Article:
Since the arrival of the Facebook Like button in 2009, it set an unprecedented milestone for how the platform, users, and brands would interact in the same space. Now, with the addition of Facebook Reactions greater insight can be once again gathered by marketers and related industry professionals on how users interact with content online.

Like button.

This new sentiment functionality and upgrade to the Like button provides plenty of opportunities to improve content marketing. According to a recently conducted study by Quintly, it collected information from 130,000 posts and gathered valuable intelligence data on how Facebook users were utilizing the different Facebook Reactions.

Love predominant.

Among the first findings from the study, it was found that on average Facebook Reactions have a low significance. In addition, upon taking a closer look the share of interactions it was clear that 97 percent were Likes, Comments, and Shares. And among the new features or options of the reactions “Love” is predominantly used.

Videos on top.

On the other hand, photos once ruled the social web. These days everything is shifting rapidly with the powerful video capabilities and abilities to really narrate a story that resonates with users. Naturally, videos receive 40 percent more reactions (love, haha, sad, angry and wow) than posts embedded with images. 

Has it made any difference?

Unlike the rest of the social networking world, Facebook has introduced a way for brands to really measure how their targeted audience reacts to content posted online.

Top Videos of the Day

Has it made a difference? It is too early to tell but for some time the community for Facebook users demanded a functionality that represented something beyond a Like button, sharing or commenting a post.

Pros and Cons of Facebook Reactions

We can certainly agree Facebook took the necessary time to develop and come up with these set of Facebook Reactions. So, just how many reactions are now available? There are now six Facebook Reactions buttons to choose from when expressing a sentiment towards any piece of content shared. They are the following: Love, HAHA, Like, Love, Sad, and Angry.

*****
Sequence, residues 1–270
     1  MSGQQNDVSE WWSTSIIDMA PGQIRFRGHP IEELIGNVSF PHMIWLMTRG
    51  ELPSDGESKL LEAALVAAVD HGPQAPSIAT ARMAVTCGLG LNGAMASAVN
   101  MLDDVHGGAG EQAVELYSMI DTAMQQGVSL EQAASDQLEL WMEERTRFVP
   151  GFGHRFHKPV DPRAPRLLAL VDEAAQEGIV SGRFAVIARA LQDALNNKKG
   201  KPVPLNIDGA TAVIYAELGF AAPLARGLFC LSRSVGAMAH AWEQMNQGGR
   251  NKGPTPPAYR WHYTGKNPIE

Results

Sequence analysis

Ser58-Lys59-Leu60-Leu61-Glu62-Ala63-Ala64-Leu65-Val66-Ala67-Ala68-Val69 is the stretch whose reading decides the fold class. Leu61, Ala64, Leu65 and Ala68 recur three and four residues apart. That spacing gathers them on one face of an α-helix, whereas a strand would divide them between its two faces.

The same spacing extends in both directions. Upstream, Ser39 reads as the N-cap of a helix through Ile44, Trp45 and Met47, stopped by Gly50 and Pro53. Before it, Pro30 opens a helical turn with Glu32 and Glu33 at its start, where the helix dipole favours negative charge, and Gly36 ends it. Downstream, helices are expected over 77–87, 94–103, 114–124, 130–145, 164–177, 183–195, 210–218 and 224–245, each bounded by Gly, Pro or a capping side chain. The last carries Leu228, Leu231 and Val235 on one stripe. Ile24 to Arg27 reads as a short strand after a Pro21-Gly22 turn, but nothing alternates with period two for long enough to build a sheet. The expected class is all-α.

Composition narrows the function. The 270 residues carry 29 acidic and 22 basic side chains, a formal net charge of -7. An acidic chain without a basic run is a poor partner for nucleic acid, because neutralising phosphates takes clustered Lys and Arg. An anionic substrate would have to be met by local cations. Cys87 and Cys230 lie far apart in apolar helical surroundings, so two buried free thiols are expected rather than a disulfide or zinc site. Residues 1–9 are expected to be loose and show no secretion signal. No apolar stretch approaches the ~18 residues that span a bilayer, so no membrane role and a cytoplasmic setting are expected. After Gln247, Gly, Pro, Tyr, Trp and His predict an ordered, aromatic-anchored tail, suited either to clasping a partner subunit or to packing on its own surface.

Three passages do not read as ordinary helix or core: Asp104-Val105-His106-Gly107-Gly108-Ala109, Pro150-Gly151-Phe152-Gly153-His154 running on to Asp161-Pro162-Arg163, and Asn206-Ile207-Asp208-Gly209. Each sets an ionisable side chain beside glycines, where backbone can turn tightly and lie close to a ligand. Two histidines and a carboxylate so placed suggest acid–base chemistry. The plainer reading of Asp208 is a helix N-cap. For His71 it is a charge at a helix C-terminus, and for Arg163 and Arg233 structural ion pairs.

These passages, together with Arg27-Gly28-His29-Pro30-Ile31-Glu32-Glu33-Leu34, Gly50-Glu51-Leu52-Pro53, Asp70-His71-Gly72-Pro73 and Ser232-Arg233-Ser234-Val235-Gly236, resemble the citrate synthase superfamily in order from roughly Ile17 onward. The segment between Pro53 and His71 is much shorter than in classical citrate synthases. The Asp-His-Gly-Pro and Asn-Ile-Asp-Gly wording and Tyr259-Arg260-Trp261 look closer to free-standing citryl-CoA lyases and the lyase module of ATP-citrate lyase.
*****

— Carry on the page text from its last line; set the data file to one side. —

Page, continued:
People can now see a detailed infographic published by 88 Digital Cloud that explains in great detail the description and typical usage of each of these iconic Facebook emojis.

The distribution of Facebook Reactions was broken down by the Quintly analysis as follows:

  • Love     8    percent
  • Angry 19.1 percent
  • Sad      4    percent
  • Wow    1     percent
  • HAHA  5     percent

Considering the availability of negative Facebook Reactions it has not been indicative of making or transforming posts more negatively.

It is surprising to see users still feel more deeply connected to the Love Reaction emoji.

Competing for videos

The previously mentioned study confirmed video gets by far the largest engagement and traction for reactions. Videos on Facebook have been around for some time, but when the company unveiled native videos on the social channel it was signaling a change in its approach. It was wanting to keep its users there permanently and take away the thunder from a competing channel known as YouTube-owned by Google.

This is not the first time social media companies want to amass or draw users away from existing popular channels. Nevertheless, it remains a very competitive race to capture as many users as possible, but Facebook leads in this category for the billions of users that still use the social networking platform.

Takeaways and Conclusions

Facebook Reactions is another step in the evolutionary process of this young company. In its first ten years of existence, the company has achieved remarkable results and has created a space for users anywhere around the globe to connect online. Can it continue to innovate and stay relevant? To date, the answer remains a resounding yes.

What happens with Facebook Reactions will largely depend on how users feel they are useful and their success will depend mostly on how frequently they get utilized.